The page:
PROFESSIONAL SERVICES: Budgeting beyond the numbers
For many business owners, the new year brings the dreaded task of budgeting–a time-consuming chore. And, if you’re like most business owners, you grudgingly and quickly try to come up with accurate projections. Still, when the new fiscal year gets underway, you find that your budget isn’t precise or useful. What has gone wrong?
Two common problems can sabotage your budget: relying on historical numbers to project future needs and not tracking performance. Rethinking the entire budgeting process will eliminate these pitfalls and build a more useful budget. And while you’re at it, you can upgrade your software or computer equipment to make budgeting and other tasks more efficient.
Avoid deadly errors
A fundamental error many companies make is basing the new budget entirely on the previous year’s numbers. This is the path of least resistance and also the road to oblivion because it leads to a budget based on the same old thinking. A strong budget’s starting point must include an analysis of all product lines and services. Ask:
? What alterations do existing products and services need?
? Which should you eliminate?
? Which will sell at higher levels?
And don’t forget the new products and services you’re rolling out:
? What will their impact be?
? What about their affect on sales and marketing?
? How will the work force and the physical plant and facilities support the plan?
Answering these questions is not a one-person job. Get your key players involved, including accounting, sales and plant management. Only when managers have input into the budget will they buy into it and make it work.
In fact, the budget should be only one part of a complete business plan–that you revise annually to guide every aspect of your company’s strategy and operations. In most cases, your plan should cover at least the upcoming three years.
Diligently track your budget
But even if your new budget is more realistic, a greater problem may be that you have no way to periodically gauge progress. Many companies fail to provide an on-going mechanism to track and analyze results. This destroys the entire budgeting process.
To correct this, equip your company to regularly track the budget against actuals–preferably monthly or quarterly. Then you can pinpoint trends as they develop and adjust immediately.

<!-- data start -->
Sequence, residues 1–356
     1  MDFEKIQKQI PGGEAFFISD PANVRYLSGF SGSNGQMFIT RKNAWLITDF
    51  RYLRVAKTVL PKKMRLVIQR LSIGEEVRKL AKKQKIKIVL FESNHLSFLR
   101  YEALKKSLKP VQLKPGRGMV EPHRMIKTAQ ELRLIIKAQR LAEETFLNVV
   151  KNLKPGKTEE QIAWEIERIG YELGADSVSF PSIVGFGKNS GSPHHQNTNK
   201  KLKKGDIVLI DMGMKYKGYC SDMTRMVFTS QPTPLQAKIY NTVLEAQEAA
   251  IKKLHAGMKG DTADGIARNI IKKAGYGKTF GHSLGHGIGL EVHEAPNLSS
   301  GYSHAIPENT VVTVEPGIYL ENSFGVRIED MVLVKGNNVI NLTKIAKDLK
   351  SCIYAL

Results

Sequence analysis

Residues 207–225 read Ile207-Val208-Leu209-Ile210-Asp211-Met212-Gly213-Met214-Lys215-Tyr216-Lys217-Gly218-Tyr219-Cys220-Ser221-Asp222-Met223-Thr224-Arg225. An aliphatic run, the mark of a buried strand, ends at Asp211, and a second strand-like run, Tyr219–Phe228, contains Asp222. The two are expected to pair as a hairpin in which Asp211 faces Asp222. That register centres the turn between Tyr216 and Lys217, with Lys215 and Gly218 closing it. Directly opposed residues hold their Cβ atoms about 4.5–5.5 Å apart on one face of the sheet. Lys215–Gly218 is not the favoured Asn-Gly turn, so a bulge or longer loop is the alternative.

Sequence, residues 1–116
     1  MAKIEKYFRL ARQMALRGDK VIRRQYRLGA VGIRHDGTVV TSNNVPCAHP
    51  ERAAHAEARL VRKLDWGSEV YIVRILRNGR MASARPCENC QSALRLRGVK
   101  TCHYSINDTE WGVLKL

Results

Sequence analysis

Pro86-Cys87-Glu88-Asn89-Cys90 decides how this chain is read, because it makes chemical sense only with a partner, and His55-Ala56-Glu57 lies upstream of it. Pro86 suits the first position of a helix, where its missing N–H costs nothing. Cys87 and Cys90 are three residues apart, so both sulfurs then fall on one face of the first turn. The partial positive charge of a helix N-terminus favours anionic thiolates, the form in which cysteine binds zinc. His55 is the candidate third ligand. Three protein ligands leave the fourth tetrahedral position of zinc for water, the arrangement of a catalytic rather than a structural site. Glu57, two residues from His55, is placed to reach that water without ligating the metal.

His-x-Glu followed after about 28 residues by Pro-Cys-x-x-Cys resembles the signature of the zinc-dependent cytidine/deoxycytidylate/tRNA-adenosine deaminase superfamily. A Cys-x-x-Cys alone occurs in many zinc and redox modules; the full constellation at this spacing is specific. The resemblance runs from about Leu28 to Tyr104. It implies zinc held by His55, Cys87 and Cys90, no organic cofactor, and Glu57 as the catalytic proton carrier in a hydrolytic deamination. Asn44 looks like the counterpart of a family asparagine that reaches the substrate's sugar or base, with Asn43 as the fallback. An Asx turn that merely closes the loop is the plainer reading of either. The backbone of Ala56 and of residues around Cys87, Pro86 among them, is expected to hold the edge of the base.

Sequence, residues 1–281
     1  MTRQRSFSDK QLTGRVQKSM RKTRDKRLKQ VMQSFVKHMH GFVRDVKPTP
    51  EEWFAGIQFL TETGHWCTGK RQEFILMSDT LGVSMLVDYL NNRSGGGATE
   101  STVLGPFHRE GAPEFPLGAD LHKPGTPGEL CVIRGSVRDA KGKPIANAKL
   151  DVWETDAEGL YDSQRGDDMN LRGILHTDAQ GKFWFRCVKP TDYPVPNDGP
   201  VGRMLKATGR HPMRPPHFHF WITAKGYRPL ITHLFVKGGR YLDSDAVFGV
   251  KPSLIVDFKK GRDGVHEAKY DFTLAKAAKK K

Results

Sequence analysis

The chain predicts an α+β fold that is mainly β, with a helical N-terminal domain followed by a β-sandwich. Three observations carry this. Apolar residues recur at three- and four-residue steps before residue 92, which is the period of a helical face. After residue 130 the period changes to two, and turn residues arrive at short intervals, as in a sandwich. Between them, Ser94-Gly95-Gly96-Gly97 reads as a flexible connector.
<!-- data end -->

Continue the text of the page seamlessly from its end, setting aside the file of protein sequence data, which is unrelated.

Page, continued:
Fore You, a family-owned professional golf shop, had focused for years on selling new clubs, believing them to be its main profit generator. But after adding monthly tracking to its budget process, the company discovered it was operating on outdated information. As the business had gradually reduced prices on clubs to compete with discount outlets, gloves had emerged as the real profit leader. So Fore You boosted its bottom line by gearing more promotional and service efforts toward gloves and other high-margin items.
Evaluate financial software
Planning your company’s budget is the perfect time to analyze the systems and software supporting your finance department. But make sure you don’t create problems with new equipment or programs. Before you begin, work with your financial consultant–one who knows the different packages and options, as well as how to customize them–to identify your needs and map out the budgeting and planning process.
How much will you have to upgrade? Don’t worry. In most cases, you won’t need to start from scratch. Unless you have a highly-specialized business, many off-the-shelf software packages have just enough applications for your needs. Make sure the scale of the package fits your business. Finally, don’t forget to train people after your software or equipment is installed.
Upgrading is likely to require some investment. But it’s well worth it if the improvements enhance your budgeting process and bottom line.
Re-engineer the process
All too often, business owners see budgeting as an arduous task; one that does little to provide a return on investment. Instead, they should view it as a process of discovery that can unearth information crucial to ongoing growth.
If your current process and its results do not match up, call for assistance on re-engineering your budget. Maximizing its value will ultimately increase the value of your business.
George Freeman Jr., CPA, AM, is Office Managing Partner for the Traverse City and Gaylord offices of Plante & Moran. He is involved with the family succession and wealth transfer, as well as the real estate and construction services groups within the firm. BN